"`Sale at retail' means any transfer of the ownership of or title to tangible personal property to a purchaser, for the purpose of use or consumption, and not for the purpose of resale in any form as tangible personal property to the extent not first subjected to a use for which it was purchased, for a valuable consideration: Provided that the property purchased is deemed to be purchased for the purpose of resale, despite first being used, to the extent to which it is resold as an ingredient of an intentionally produced product or by-product of manufacturing. * * *

`Sale at retail' shall be construed to include any transfer of the ownership of or title to tangible personal property to a purchaser, for use or consumption by any other person to whom such purchaser may transfer the tangible personal property without a valuable consideration, and to include any transfer, whether made for or without a valuable consideration, for resale in any form as tangible personal property unless made in compliance with Section 2c of this Act." Ill. Rev. Stat. 1971, ch. 120, par. 440.

Section 2c requires that a purchaser who claims to be a reseller must apply for a resale number which will be issued by the Department of Revenue after it receives sufficient information from the purchaser about its resale operations. Section 2c then states:

"Except as provided hereinabove in this Section, no sale shall be made tax-free on the ground of being a sale for resale unless the purchaser has an active registration number or resale number from the Department and furnishes that number to the seller in connection with certifying to the seller that any sale to such purchaser is nontaxable because of being a sale for resale." Ill. Rev. Stat. 1971, ch. 120, par. 441c.

Plaintiff maintains that the ROTA is not applicable because plaintiff's business is entirely wholesale rather than retail. The question, however, is not one of defining plaintiff's business operation in the common parlance. It is rather a question of whether or not there was compliance with the ROTA, and a preliminary determination of the wholesale-retail question outside the context of the ROTA is therefore irrelevant.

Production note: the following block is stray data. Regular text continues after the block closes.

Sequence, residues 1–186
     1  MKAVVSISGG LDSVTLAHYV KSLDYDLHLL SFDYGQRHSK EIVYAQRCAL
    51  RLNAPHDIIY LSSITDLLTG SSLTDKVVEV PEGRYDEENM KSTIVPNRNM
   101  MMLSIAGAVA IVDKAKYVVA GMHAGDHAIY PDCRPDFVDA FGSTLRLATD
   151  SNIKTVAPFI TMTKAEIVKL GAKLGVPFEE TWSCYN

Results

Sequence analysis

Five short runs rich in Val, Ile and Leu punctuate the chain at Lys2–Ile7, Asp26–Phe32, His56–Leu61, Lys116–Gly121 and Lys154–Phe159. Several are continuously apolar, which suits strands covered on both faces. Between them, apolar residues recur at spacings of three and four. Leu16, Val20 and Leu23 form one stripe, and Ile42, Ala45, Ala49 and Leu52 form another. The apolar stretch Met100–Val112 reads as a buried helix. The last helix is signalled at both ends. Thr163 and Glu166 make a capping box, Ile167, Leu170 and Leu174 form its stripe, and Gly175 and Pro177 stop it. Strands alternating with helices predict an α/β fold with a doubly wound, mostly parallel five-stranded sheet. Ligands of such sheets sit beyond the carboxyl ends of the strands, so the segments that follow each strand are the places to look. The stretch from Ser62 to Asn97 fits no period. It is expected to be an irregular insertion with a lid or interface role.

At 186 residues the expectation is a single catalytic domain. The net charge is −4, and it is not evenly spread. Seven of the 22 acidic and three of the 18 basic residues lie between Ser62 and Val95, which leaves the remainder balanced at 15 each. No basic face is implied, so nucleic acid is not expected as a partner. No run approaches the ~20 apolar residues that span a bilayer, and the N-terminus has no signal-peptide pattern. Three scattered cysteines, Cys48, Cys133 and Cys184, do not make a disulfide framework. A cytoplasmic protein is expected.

• 2 The language of the statute is clear. The ROTA considers any transfer of personal property for resale to be a "sale at retail" unless that sale is made in compliance with section 2c. Compliance with section 2c requires that the purchaser have an active registration number or resale number with the Department of Revenue. At no time in the proceedings did plaintiff produce, or claim to have, the statutorily required evidence of any purchaser's approved resale status. Section 2c creates an exemption to the ROTA's broad construction of "sale at retail," and such exemptions are to be strictly construed in favor of taxation. (Heller v. Fergus Ford, Inc. (1975), 59 Ill.2d 576, 579, 322 N.E.2d 441, 442; People ex rel. County Collector v. Hopedale Medical Foundation (1970), 46 Ill.2d 450, 462, 264 N.E.2d 4, 10.) There having been no compliance, plaintiff cannot benefit from the exemption.